Killer Guitar Components Announces Tremolo Upgrade

The KGC design offers more mass, more stability, and a special spring cover.

Gloucester, MA (October 29, 2015) -- Adding to their line of top quality machined guitar parts, Killer Guitar Components, is now offering an innovative, new design for the locking tremolo "big block" upgrade. A significant improvement over the industry standard "big block", the KGC design offers more mass, more stability and a special spring cover - all coming together to give your Floyd Rose or similar locking trem a tonal punch with sustain and clarity as well as super spring security for ultimate dive-bombing. The KGC block introduces the first combination of intuitive design, more mass and proper materials – a marriage that offers maximum vibration transfer, resonance with significant sustain and tone improvements.


  • Materials - KGC's specially chosen brass alloy and all stainless mounting screws
  • Design – Proprietary spring retainer cover for spring security, added mass and custom look
  • Stability - More mass, deeper mounting holes with extra-long (5/8") mounting screws
  • Looks – Finished to perfection - mirror-polished spring cover, brushed finish sides, countersunk holes
  • Personal Preference - Offered in 1/2", 5/8" and 3/4" thicknesses - more mass or more dive space
  • Customization - Have your block engraved with a personal message or made to a custom size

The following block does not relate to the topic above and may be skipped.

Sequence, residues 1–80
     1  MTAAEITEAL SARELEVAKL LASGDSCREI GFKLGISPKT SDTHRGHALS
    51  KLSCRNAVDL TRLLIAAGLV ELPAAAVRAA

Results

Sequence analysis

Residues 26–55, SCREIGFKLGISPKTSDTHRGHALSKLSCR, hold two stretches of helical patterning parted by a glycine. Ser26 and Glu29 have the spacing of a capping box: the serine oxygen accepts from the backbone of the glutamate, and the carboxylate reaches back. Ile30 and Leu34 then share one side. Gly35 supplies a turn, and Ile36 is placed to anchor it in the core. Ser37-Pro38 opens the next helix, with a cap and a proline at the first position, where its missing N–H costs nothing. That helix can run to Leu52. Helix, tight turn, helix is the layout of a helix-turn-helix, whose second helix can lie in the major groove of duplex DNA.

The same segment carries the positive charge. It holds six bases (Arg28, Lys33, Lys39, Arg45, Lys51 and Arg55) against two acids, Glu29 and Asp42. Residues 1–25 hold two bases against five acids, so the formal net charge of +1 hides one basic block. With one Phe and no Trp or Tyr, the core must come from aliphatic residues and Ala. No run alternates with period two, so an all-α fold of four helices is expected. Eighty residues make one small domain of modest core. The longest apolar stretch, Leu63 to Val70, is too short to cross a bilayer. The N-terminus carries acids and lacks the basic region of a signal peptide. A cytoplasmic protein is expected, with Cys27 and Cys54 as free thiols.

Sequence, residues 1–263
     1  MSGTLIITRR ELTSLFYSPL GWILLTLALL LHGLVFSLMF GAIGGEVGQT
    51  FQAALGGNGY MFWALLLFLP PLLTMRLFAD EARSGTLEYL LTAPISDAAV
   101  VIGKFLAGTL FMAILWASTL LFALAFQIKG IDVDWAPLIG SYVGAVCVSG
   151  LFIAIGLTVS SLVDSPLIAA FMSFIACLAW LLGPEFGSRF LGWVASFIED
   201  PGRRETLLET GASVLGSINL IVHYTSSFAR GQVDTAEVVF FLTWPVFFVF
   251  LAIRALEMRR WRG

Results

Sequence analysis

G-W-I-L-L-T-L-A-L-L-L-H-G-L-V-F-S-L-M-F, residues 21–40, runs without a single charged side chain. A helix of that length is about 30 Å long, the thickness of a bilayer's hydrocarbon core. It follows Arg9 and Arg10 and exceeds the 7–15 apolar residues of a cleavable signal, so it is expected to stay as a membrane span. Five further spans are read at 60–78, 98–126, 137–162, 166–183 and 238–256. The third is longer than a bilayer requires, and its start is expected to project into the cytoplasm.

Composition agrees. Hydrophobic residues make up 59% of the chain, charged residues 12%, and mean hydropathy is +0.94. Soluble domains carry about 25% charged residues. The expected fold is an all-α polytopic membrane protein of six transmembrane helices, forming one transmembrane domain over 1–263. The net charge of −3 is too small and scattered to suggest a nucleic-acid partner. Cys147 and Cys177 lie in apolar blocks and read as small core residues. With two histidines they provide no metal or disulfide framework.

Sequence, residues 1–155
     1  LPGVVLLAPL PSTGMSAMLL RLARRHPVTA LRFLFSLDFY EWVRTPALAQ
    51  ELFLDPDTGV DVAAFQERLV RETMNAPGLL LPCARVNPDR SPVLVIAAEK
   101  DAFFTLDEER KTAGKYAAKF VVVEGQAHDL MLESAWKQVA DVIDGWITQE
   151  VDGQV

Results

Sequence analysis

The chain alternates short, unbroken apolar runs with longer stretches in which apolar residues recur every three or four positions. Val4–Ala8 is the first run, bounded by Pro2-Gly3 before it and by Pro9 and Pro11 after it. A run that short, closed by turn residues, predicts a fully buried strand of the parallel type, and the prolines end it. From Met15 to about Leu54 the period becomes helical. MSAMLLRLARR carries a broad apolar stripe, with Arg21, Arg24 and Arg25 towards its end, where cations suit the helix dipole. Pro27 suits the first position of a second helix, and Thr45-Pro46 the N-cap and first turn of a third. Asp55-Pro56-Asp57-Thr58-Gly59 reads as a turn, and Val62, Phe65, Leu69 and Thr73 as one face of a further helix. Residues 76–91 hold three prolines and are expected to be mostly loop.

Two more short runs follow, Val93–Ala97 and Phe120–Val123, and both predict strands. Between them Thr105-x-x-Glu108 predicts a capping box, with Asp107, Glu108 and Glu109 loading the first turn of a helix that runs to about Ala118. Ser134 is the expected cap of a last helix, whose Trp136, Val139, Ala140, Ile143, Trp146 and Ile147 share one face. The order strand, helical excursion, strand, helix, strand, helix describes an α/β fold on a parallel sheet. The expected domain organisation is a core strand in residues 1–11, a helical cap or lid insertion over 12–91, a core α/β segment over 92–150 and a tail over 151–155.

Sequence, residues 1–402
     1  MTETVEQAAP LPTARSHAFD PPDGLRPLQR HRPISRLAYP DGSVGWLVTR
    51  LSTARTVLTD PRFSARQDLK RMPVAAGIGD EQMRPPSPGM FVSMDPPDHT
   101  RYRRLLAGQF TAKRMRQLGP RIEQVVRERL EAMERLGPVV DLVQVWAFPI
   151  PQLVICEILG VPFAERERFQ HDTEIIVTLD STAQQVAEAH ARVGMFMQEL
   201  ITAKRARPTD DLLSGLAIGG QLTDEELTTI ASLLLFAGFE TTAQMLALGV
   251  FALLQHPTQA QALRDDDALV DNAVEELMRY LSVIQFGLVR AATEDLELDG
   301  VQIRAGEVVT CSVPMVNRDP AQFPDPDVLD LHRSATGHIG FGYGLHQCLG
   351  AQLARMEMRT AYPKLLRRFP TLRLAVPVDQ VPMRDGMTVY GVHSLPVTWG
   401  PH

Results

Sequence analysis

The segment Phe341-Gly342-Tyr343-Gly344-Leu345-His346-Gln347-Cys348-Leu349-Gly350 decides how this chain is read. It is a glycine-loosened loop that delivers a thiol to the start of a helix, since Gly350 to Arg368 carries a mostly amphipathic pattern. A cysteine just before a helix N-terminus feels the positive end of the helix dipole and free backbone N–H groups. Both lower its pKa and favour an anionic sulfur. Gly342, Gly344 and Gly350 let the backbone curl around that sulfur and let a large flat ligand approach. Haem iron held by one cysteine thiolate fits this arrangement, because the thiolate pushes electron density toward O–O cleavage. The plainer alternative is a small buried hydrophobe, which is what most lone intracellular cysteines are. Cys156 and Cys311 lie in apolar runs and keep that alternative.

The KGC blocks carry a retail price starting at $58.95 and are available directly through Killer Guitar Components.

For more information:
Killer Guitar Components

Rig Rundown: Adam Shoenfeld

Whether in the studio or on solo gigs, the Nashville session-guitar star holds a lotta cards, with guitars and amps for everything he’s dealt.

Adam Shoenfeld has helped shape the tone of modern country guitar. How? Well, the Nashville-based session star, producer, and frontman has played on hundreds of albums and 45 No. 1 country hits, starting with Jason Aldean’s “Hicktown,” since 2005. Plus, he’s found time for several bands of his own as well as the first studio album under his own name, All the Birds Sing, which drops January 28.

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Diatonic sequences are powerful tools. Here’s how to use them wisely.



• Understand how to map out the neck in seven positions.
• Learn to combine legato and picking to create long phrases.
• Develop a smooth attack—even at high speeds.

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Knowing how to function in different keys is crucial to improvising in any context. One path to fretboard mastery is learning how to move through positions across the neck. Even something as simple as a three-note-per-string major scale can offer loads of options when it’s time to step up and rip. I’m going to outline seven technical sequences, each one focusing on a position of a diatonic major scale. This should provide a fun workout for the fingers and hopefully inspire a few licks of your own.
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